(1) (a) describe why Z X Z must be countable.
(b) By part (a) we know that N ≡ Z X Z, and hence there must be a one-to-one correspondence between N and Z X Z. Provide one such one-to-one correspondence f : N → Z X Z. Note, it may be easiest to describe your map using a sketch of Z X Z.
(2) Proved in that a finite product of countable sets is countable. It is not true however that a countable product of count- able sets must be countable. Here you will see one ex of a countable product of finite sets that is not countable.
For each i ≡ N let A_{i} = {0,1} and let
the set of all sequences of 1's and 0's. The set A is a countable product of finite and hence countable sets. Prove that A is not countable.
(3) A complex number z is "algebraic" if it is a root of some integral polynomial (a polynomial with integer coefficients). That is z is algebraic if there is some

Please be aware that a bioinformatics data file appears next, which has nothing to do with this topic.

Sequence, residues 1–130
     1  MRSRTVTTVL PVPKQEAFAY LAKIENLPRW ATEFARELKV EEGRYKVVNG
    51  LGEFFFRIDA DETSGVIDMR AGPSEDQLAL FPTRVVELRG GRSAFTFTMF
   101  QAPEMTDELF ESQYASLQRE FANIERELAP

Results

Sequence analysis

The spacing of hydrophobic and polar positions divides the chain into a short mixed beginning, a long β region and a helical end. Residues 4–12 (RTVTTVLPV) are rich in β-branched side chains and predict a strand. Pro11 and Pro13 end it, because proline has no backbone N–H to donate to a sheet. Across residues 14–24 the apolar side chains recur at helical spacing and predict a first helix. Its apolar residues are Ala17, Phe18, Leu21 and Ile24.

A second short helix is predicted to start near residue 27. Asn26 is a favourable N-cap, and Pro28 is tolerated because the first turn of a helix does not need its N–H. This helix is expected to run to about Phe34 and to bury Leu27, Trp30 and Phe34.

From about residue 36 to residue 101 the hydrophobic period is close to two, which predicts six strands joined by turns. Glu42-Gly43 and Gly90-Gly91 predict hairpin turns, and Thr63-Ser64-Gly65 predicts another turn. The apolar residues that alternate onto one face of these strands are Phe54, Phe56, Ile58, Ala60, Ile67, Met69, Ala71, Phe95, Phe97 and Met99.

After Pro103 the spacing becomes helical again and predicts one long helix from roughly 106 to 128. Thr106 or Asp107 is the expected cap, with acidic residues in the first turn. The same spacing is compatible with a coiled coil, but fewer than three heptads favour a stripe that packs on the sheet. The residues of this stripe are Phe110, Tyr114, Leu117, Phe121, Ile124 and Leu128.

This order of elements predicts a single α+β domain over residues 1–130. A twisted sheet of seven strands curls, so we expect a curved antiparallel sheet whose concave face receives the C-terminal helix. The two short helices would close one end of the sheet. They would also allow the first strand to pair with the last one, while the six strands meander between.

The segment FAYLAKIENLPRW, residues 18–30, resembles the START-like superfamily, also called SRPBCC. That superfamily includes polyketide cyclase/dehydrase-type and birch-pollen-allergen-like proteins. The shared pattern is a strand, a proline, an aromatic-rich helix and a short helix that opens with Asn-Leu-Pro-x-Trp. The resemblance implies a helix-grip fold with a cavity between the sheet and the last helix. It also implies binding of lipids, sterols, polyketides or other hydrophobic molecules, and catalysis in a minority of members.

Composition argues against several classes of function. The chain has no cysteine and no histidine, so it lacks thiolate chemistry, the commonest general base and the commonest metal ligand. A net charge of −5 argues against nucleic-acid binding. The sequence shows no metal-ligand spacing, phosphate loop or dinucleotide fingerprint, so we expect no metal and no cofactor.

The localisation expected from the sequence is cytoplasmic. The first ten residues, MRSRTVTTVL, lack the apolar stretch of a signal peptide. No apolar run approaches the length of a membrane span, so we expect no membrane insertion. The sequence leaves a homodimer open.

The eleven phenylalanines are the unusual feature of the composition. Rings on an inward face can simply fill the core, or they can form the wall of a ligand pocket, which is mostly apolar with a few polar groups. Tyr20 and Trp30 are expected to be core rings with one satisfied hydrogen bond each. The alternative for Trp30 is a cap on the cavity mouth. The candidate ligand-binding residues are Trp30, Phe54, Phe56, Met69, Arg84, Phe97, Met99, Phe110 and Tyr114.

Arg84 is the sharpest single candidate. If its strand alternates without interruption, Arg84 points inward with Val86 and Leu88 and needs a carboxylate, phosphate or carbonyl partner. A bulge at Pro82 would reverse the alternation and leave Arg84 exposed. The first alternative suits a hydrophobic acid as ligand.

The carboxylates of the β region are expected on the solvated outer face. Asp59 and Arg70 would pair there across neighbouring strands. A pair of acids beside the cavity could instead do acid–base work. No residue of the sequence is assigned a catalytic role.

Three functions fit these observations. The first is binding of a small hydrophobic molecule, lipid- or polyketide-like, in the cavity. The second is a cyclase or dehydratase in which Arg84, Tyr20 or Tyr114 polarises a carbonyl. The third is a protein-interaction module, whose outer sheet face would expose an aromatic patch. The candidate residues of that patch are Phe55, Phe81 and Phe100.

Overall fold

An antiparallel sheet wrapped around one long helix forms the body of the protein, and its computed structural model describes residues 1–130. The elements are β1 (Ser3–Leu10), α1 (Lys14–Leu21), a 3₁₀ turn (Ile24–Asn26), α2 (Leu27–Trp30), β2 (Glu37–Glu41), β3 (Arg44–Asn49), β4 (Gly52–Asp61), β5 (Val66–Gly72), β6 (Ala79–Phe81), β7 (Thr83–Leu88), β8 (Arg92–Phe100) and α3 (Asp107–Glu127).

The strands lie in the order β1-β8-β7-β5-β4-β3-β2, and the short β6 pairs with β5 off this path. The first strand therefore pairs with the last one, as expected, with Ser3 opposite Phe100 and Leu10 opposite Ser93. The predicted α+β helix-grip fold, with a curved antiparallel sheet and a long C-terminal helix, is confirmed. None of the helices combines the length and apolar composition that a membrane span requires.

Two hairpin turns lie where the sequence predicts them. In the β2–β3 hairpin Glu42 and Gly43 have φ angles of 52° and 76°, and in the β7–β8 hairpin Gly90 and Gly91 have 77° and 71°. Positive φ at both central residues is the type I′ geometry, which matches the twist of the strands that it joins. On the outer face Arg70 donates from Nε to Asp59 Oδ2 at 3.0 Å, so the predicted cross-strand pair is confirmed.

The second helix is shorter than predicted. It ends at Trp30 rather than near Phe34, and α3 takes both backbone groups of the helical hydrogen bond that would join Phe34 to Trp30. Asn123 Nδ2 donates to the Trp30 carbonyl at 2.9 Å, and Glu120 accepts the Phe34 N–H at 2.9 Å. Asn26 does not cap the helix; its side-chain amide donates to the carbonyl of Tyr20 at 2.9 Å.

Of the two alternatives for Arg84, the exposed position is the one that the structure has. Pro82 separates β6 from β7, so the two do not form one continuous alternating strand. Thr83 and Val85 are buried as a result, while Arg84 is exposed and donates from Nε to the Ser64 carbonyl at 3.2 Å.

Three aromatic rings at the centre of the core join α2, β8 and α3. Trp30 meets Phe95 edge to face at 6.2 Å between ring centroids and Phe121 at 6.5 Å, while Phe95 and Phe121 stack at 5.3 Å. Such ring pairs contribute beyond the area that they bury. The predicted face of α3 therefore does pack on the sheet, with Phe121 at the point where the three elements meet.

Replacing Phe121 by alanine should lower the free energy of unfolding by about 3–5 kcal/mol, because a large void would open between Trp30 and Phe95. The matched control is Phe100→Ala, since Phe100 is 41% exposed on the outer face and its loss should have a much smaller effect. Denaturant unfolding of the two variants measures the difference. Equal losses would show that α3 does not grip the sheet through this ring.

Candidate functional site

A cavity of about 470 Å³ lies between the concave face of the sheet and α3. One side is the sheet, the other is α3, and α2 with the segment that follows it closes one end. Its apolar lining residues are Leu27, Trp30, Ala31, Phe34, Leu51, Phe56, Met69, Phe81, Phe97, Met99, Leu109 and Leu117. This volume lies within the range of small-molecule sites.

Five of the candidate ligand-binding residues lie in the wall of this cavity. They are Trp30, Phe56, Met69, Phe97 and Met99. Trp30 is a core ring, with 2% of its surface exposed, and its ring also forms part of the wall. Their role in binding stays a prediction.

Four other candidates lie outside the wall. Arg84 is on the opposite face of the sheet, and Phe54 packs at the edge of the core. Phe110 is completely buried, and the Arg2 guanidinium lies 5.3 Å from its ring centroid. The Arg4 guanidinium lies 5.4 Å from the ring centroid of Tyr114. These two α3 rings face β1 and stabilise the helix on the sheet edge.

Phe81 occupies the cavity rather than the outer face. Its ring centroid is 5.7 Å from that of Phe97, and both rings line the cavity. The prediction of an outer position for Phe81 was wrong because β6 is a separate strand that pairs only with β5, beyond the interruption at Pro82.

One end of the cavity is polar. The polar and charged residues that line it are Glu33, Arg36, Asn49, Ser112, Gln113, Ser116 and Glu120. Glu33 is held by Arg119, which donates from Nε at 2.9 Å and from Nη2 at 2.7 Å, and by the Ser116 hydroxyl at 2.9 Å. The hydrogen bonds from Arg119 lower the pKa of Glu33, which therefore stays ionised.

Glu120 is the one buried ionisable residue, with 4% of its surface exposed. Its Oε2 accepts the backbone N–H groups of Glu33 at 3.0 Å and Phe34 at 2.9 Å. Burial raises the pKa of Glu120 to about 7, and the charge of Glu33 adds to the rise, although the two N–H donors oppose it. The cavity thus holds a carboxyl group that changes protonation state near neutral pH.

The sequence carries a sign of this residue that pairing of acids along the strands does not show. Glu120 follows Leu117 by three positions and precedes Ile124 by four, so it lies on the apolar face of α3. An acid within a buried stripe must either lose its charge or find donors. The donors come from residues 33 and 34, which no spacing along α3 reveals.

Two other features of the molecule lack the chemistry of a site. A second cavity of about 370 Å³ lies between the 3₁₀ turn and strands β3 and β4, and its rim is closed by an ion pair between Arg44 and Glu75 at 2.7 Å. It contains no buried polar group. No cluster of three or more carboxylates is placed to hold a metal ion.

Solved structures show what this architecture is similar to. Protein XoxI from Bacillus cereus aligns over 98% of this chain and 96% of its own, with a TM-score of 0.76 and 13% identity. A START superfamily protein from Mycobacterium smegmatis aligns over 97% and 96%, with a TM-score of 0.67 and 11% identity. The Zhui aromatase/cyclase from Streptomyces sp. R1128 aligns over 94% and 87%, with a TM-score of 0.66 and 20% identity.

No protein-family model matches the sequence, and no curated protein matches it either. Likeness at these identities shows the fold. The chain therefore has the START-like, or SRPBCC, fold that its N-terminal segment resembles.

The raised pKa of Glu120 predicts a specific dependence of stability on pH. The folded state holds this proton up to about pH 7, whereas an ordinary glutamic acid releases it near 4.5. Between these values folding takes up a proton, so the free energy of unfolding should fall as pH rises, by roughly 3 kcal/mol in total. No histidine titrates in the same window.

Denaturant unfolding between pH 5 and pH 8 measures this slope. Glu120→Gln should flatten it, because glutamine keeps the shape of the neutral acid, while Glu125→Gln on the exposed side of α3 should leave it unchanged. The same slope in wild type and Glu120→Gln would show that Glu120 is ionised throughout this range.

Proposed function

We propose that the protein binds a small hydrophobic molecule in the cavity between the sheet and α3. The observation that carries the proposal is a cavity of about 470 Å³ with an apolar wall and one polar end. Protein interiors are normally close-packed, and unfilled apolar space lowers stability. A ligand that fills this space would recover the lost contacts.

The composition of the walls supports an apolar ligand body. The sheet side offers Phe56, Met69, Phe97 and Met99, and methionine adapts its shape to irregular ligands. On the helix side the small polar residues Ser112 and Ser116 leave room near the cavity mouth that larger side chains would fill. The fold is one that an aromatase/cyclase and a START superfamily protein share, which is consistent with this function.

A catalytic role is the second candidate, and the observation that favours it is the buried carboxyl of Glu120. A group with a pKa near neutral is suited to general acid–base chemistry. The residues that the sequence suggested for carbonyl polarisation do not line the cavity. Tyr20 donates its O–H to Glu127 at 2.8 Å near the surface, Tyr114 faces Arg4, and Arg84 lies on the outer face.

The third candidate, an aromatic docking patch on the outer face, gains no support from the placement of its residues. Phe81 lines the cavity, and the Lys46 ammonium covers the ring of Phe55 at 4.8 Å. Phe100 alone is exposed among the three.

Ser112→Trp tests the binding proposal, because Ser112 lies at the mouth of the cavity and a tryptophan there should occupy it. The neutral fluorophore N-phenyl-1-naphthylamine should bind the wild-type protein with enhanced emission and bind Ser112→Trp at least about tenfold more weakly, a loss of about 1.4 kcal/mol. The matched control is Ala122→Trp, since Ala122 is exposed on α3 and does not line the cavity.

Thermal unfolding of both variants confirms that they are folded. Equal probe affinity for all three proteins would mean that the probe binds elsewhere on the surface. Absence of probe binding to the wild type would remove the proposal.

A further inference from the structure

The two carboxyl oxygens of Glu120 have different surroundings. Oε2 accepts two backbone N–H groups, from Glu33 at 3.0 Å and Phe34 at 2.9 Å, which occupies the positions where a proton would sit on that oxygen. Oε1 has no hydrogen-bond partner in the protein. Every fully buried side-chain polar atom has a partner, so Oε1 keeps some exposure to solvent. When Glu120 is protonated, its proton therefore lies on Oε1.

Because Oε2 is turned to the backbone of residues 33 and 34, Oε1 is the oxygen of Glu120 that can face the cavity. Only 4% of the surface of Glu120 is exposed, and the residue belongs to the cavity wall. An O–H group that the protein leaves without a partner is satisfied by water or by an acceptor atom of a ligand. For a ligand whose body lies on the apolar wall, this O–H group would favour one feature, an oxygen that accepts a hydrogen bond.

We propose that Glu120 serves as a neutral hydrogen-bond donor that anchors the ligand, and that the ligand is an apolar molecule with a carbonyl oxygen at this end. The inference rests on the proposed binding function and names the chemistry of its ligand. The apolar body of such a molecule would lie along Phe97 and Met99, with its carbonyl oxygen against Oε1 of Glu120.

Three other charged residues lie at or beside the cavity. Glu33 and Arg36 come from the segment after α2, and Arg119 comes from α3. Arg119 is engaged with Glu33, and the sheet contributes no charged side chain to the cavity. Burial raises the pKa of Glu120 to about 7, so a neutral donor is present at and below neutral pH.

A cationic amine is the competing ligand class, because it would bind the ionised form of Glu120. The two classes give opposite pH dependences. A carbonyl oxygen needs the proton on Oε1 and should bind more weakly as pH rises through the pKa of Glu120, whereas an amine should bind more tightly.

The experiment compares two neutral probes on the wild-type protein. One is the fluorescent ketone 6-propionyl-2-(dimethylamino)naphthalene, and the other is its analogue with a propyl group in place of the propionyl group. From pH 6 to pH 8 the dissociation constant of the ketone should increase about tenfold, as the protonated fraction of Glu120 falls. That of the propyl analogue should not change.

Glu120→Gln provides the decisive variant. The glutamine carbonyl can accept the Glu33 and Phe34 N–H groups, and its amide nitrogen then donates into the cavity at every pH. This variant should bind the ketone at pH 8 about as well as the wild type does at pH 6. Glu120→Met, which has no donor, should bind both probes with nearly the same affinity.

p(x) = a0 + a1x + a2x^{2} +........+ a_{k}x^{k} a_{i} ≡ Z and at least one ai ≠ 0 with p(z) = 0. For ex, the polynomial p(x) = -4+4x-x^{2}+x^{3} factors to p(x) = (x- 1)(x - 2i)(x + 2i) and so has roots x = 1 and x = ± 2i, thus 1, 2i and -2i are algebraic numbers. Let A denote the set of all algebraic numbers in C, and prove that A is countable by the following steps.
(a) For each n ≡ N, let Pn denote the set of integral polynomials of degree n. Prove that for each n the set P_{n} is countable.
(b) Now let P be the set of all integral polynomials. describe why P must be countable.
(c) Given a particular integral polynomial p(x) of degree k, let R_{p} be the set of all roots of p(x). What can be said about the number of elements in R_{p}?
(d) Using parts (a), (b) and (c), prove that A, the set of all algebraic integers, is countable.